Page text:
CHAPTER I PETE’S GIRL
She stood in the doorway, a patched and ragged Cinderella of the desert. Upon her slim, ill-poised figure the descending sun slanted a shaft of glory. It caught in a spotlight the cheap, dingy gown, the coarse stockings through the holes of which white flesh peeped, the heavy, broken brogans that disfigured the feet. It beat upon a small head with a mass of black, wild-flying hair, on red lips curved with discontent, into dark eyes passionate and resentful at what fate had made of her young life. A silent, sullen lass, one might have guessed, and the judgment would have been true as most first impressions.
The girl watched her father drive half a dozen dogies into the mountain corral perched precariously on the hillside. Soon now it would be dusk. She went back into the cabin and began to prepare supper.
In the rickety stove she made a fire of cottonwood. There was a business-like efficiency in the way she peeled potatoes, prepared the venison for the frying-pan, and mixed the biscuit dough.
June Tolliver and her father lived alone on Piceance Creek. Their nearest neighbor was a trapper on Eighteen-Mile Hill. From one month’s end to another she did not see a woman. The still repression in the girl’s face was due not wholly to loneliness. She lived on the edge of a secret she intuitively felt was shameful. It colored her thoughts and feelings, set her apart from the rest of the world. Her physical reactions were dominated by it. Yet what this secret was she could only guess at.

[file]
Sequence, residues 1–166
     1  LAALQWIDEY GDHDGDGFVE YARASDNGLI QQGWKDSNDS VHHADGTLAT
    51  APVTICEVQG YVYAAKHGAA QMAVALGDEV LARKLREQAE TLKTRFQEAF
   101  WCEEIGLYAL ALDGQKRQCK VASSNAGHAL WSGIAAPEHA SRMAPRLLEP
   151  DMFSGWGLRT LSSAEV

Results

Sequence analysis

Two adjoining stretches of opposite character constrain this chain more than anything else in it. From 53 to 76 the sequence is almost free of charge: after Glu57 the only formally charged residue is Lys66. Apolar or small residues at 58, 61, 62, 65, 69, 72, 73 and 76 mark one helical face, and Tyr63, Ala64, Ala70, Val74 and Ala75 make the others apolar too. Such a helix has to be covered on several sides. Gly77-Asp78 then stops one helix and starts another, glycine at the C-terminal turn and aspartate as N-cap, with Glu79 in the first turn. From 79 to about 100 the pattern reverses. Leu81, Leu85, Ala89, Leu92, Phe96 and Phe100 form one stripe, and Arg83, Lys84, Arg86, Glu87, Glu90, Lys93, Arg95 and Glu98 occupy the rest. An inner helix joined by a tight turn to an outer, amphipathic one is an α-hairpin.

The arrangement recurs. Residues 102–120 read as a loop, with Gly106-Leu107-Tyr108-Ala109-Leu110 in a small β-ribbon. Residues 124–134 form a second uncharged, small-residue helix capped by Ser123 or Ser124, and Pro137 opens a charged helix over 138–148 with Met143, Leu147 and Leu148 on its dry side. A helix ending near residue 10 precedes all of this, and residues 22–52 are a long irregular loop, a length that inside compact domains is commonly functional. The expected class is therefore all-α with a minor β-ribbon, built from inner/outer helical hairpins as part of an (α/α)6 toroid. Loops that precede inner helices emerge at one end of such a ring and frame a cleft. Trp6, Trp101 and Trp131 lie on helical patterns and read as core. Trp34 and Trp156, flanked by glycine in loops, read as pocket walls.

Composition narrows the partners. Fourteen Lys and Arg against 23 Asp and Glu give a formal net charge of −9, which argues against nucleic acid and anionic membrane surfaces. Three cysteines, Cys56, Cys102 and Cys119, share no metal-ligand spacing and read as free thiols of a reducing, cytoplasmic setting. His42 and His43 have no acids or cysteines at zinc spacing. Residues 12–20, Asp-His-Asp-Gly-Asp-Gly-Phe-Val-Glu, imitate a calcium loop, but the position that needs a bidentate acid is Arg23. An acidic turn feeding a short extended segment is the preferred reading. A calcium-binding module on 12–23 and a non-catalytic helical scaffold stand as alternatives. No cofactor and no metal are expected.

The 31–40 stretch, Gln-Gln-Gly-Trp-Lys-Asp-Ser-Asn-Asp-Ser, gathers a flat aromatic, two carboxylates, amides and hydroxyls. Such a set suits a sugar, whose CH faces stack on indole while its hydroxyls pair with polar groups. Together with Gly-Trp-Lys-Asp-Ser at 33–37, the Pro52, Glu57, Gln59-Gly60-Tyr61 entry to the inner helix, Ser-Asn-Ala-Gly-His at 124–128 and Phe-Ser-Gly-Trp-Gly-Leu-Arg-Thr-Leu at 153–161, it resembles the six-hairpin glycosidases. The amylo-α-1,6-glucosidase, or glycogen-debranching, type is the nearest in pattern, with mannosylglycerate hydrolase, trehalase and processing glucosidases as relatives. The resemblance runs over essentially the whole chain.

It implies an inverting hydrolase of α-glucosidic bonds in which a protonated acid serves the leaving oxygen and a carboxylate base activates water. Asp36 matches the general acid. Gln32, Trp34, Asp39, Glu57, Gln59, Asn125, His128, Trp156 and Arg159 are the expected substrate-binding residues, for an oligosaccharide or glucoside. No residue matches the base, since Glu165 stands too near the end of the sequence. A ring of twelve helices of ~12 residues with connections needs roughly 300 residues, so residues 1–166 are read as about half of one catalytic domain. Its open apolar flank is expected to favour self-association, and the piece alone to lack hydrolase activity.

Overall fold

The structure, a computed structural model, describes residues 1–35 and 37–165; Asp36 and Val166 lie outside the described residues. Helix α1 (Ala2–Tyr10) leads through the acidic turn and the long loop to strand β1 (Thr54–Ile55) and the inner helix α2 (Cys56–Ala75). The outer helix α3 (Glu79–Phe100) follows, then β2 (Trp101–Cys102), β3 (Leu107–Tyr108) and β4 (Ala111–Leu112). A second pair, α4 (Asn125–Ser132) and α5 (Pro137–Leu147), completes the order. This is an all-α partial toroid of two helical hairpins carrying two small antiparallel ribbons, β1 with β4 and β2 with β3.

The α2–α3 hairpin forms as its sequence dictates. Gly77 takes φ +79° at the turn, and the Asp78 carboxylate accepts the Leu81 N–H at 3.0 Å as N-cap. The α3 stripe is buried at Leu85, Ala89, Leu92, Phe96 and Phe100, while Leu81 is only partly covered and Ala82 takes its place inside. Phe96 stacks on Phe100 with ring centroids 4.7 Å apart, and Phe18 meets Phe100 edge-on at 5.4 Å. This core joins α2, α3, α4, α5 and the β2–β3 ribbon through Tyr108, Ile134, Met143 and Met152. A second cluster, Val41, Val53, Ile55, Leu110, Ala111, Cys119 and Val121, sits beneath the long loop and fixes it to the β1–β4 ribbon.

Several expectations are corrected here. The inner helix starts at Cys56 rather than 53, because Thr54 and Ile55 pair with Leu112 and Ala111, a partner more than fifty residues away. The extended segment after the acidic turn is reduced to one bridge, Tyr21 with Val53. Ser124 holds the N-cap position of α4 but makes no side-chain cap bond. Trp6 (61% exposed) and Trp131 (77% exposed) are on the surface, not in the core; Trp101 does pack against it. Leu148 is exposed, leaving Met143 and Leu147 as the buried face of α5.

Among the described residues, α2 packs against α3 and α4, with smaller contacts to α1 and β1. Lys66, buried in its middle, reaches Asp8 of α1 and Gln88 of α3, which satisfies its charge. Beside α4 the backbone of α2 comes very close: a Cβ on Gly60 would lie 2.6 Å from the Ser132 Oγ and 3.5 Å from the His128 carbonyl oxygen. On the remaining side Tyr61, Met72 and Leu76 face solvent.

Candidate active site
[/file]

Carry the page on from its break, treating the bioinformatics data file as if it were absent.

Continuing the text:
A knock sounded on the door.
June brushed back a rebellious lock of hair from her eyes with the wrist above a flour-whitened hand. “Come in.”
A big dark man stood on the threshold. His glance swept the girl, searched the room, and came back to her.
“Pete Tolliver live here?”
“Yes. He’s lookin’ after the stock. Be in soon, likely.”
The man closed the door. June dragged a chair from a corner and returned to her cooking.
From his seat the man watched her. His regard was disturbing. It had a quality of insistence. His eyes were cold yet devouring. They were possessive, not clear but opaque. They did not look at her as other eyes did. She felt the blood burning in her cheeks.
Presently, as she passed from the table to the stove to look at the sputtering venison, she flashed a resentful glance at him. It did not touch his effrontery.
“You Pete’s girl?” he asked.
“You’ve grown. Knew you when you was learnin’ to crawl.”
“In Brown’s Park?” The words were out before she could stop them.
“You done said it.” He smiled, not pleasantly, she thought. “I’m a real old friend of yore father.”
Curiosity touched with apprehension began to stir in her. For those early years she had only memory to rely upon. Tolliver never referred to them. On that subject the barriers were up between the two. Fugitive flashes of that first home came back to June. She remembered a sweet, dark-eyed woman nuzzling her little body with kisses after the bath, an hour when that mother wept as though her heart would break and she had put little baby arms in tight embrace round her neck by way of comfort....